SO Warrington found itself at the centre of national news last week when Prime Minister Boris Johnson rocked up at a building site in Stretton, donned a hard hat and high viz jacket and pretended to lay a couple of bricks.

Of course, nothing is done by accident and his visit coincided with the announcement of the ‘long overdue’ (his words, not mine) overhaul of the planning regulations.

I’m guessing those words sent of shiver of fear down the spines of our south Warrington residents who seem to be very protective of their bit of our green and pleasant land.

The prospect of not having any say over who builds what and where will surely get the good people of Appleton and Stretton reaching for their pens to send a strongly worded letter of disappointment to their MP.

So what are these radical changes?

Under the government’s proposals, which have gone out to consultation, land will be divided into three categories – ‘growth’, ‘renewal’ or ‘protected’.

Housing secretary Robert Jenrick said local people would get a ‘meaningful say’ at the start of the planning process, at the point when local plans are drawn up, but that’s your lot. After that, residents will not be able to block new schemes.

The consultation suggests that if land is designated for ‘renewal’ councils would have to look favourably on new developments but somewhat controversially, in ‘growth’ areas, new homes, hospitals and schools will be allowed automatically without having to go through any planning process.

Needless to say, areas of outstanding natural beauty and the green belt will come under the ‘protected’ category. Now I wouldn’t want to be accused of cynicism but if I was a gambling man, I would wager that the Cotswolds and huge swathes of the south east will fall in the ‘protected’ category.

After all, you wouldn’t want to upset your voters, would you?

Oh and one more thing, ‘beautiful buildings’ will be fast-tracked through the system. At this point, I’m wondering exactly who will be the arbiter of ‘beauty’ as the saying goes, beauty is in the eye of the beholder.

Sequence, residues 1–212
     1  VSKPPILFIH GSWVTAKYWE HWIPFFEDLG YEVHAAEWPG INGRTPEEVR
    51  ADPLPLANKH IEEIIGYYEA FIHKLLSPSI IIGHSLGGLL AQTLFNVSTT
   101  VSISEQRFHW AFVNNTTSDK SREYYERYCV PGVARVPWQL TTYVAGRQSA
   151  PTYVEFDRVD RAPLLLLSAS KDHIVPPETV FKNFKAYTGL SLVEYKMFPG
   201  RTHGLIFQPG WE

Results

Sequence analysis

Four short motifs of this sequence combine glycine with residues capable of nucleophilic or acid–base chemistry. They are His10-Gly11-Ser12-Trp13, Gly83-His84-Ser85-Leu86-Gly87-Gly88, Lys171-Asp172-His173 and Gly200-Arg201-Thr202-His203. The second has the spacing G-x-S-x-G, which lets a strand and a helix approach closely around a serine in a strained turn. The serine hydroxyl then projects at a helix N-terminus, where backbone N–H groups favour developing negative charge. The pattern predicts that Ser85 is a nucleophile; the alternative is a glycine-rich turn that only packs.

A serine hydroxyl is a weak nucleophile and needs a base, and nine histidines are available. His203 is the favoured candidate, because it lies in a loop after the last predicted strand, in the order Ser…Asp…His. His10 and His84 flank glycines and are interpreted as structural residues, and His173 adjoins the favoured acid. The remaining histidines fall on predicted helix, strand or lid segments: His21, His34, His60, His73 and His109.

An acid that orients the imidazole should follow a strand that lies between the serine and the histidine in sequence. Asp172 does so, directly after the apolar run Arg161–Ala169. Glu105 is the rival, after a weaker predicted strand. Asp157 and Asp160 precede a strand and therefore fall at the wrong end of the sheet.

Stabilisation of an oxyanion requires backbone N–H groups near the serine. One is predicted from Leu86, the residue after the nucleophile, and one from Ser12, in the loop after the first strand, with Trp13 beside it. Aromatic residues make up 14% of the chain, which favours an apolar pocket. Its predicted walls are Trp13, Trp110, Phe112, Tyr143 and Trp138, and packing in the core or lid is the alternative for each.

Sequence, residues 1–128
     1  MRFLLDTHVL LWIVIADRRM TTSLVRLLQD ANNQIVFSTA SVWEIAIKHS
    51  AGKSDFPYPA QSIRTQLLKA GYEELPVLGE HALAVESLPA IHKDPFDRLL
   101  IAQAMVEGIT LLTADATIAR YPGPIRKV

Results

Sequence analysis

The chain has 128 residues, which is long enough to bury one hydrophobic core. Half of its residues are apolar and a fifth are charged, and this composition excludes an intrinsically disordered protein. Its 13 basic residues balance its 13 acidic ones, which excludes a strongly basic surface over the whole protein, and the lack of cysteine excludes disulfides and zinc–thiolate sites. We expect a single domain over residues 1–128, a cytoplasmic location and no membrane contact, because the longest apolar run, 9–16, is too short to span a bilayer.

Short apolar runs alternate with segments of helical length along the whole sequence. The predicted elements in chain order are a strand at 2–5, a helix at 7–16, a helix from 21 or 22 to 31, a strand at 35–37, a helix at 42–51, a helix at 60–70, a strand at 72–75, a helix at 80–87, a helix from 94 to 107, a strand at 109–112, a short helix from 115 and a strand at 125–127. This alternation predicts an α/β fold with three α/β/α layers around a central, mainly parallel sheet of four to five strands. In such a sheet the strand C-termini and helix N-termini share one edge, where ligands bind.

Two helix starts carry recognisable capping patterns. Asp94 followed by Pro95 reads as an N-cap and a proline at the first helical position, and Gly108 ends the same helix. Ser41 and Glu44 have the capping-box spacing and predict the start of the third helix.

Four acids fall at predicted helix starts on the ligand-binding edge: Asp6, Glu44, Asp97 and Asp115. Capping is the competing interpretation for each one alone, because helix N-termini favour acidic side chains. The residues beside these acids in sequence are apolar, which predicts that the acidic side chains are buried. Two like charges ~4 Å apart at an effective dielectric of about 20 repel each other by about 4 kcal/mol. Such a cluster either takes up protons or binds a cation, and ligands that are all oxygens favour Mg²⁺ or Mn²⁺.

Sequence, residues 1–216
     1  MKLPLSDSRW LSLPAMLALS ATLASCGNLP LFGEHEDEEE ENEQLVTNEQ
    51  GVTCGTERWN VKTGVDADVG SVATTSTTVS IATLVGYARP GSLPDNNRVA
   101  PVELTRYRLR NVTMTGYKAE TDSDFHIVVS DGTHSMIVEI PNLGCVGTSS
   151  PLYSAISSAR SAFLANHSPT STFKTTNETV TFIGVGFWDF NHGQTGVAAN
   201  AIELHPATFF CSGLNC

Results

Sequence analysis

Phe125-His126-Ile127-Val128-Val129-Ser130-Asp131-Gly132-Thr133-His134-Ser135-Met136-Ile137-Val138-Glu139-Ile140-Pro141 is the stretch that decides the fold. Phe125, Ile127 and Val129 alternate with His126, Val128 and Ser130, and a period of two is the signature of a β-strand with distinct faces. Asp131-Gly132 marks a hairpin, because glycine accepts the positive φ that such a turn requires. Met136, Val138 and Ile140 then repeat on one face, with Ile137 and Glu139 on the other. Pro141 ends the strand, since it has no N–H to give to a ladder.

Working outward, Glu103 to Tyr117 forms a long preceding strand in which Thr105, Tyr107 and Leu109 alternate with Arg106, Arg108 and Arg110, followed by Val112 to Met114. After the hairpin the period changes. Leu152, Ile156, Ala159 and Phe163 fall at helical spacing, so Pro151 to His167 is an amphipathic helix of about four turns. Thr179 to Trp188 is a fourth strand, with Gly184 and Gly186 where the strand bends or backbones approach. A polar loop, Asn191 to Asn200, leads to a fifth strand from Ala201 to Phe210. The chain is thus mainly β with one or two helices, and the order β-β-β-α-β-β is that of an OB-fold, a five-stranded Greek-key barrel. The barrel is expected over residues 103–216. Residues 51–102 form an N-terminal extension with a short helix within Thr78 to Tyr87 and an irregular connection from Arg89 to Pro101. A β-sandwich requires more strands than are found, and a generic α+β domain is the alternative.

So that’s it then, when the bulldozers move in to start flattening Appleton, don’t say you weren’t warned.

Talking of planning, this column was written before Wednesday’s meeting of the council’s development management committee where plans for a 25-storey tower block in Warrington town centre were due to be considered.

The tower forms the centrepiece of a massive redevelopment on what is currently a car park at Winwick Street, opposite Central Station

The plans included four housing blocks, including the huge tower. The outline planning application also includes a 160-bed hotel, office space and potentially bars and restaurants.

I work in Manchester and from my office window I can see the Beetham Tower (47 storeys) and the four Deansgate Square towers, (64 storeys, 50 storeys, 44 storeys and 37 storeys).

They don’t look out of place, but it’s all about context and there’s no doubt that a 25-storey tower block in the middle of Warrington would completely dominate the landscape.

Unusually for me, I don’t have a strong opinion about this one way or the other. It may be the 550 residential units it will provide will be exactly what’s needed to revitalise the town centre, providing the catalyst Warrington needs in a post-coronavirus era.

Or it may be so dominant it ruins the town for years to come. Who knows?

What I did find interesting were the comments on the Guardian’s website which seemed to be along the lines of: ‘It’s a good idea – build up, not out’.

Although I did get the impression those in the ‘build up, not out’ brigade all seemed to be from south Warrington and hoped the town centre tower would spare them from future development.

On a different topic, I’m beginning to feel a little bit like Colonel Robert Baden-Powell at the siege of Mafeking. Only the ‘enemy’ is the coronavirus.

Thankfully, Warrington has so far been spared the much-feared and much-anticipated Covid-19 second spike – although the 13 new positive coronavirus cases in Warrington last week compared to four in the previous seven days is a little concerning.

Anyway, back to being under siege. Over the past couple of weeks, we had Greater Manchester to the north and east under extra lockdown measures, now we have Halton to the south and west. Halton’s infection rate has risen to an estimated 270 symptomatic cases per 100,000 residents – the third highest prevalence on the King’s College London’s Covid Symptom Study ‘watch list’ behind Blackburn with Darwen and Kirklees and the highest in the Liverpool City Region.

We are truly surrounded.

My advice: Avoid Scousers and Mancs, wear a mask, wash your hands and, as Sting once sang, Don’t stand so close to me.